The repeat of an aspirational ’80s supersoap crystallises the difference between Tory and Labour narratives of the time:
6: Did the Tories Win Because of Howards’ Way?

The Rest

If you like reading my blog for in-depth analysis, this is probably the most thorough argument I mounted in the last year (besides, I couldn’t disappoint Tom):
7: Rowan Williams In Detail: Deceitful, Demented or Naïve to the Point of Idiocy?

Just what went wrong with Aaron Sorkin’s follow-up to The West Wing, and how a supposedly ‘liberal’ US show deals with ‘issues’:
8: Studio 60 on the Sunset Strip

Something different – a paean to history and the Cutty Sark (and a bit of a fisking), with a Liberal ‘moral’:
9: Missing the Boat

And finally for my personal top ten, if you’d rather read about Doctor Who than politics… Well, this selection isn’t the ideal post for you, but probably the best of my rather thin-on-the-ground Who pieces in the last year is another historical ramble that mixes old Who, new Who and Indiana Jones:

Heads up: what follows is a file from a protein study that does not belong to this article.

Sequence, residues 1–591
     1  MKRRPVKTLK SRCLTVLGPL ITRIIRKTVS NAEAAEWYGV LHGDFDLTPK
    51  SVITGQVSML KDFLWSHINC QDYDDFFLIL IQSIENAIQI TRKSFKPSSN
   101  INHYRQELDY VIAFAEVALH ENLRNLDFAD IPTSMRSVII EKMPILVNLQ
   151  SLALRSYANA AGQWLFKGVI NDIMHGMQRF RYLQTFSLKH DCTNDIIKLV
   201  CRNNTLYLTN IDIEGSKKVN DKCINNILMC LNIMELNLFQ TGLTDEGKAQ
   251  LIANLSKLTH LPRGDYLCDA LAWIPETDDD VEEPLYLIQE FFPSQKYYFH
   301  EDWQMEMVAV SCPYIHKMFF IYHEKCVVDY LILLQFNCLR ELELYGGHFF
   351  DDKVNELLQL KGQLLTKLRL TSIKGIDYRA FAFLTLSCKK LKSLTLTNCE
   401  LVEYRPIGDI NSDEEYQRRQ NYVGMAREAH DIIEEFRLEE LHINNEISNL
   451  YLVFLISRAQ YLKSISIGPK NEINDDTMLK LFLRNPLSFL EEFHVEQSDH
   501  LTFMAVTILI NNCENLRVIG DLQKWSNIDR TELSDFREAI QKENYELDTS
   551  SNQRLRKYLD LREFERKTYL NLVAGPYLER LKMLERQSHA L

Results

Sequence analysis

10: Doctor Who and the ‘Celebrity Historical’

Strange pop fact: I’ve been looking back through the last year’s Golden Dozen for inspiration (largely about other people’s posts and which ones I nominated), and rather oddly, it appears that when I made it there on popular click-through I usually hit number 4 in the chart, while when people nominated me instead I usually appeared at number 11.

Not very pop fact: I’ve noticed in compiling all this that I use way too many colons in my blog titles.

Oh, and don’t forget to vote in the Snabies!

Though I won’t be voting for me in that category – aside from wanting to vote for one of the other nominees instead, if that’s still an unfulfilled ambition for you past the age of about 14 you need taking in hand. Please vote for Millennium in the Best Political Blog By A Single Mammal category, though.

Despite telling myself (and you) that I’d keep strictly to ten in my list, I quite like this tongue-in-cheek one:
Tory Party Unveils Its Soul: Children and Small Animals Flee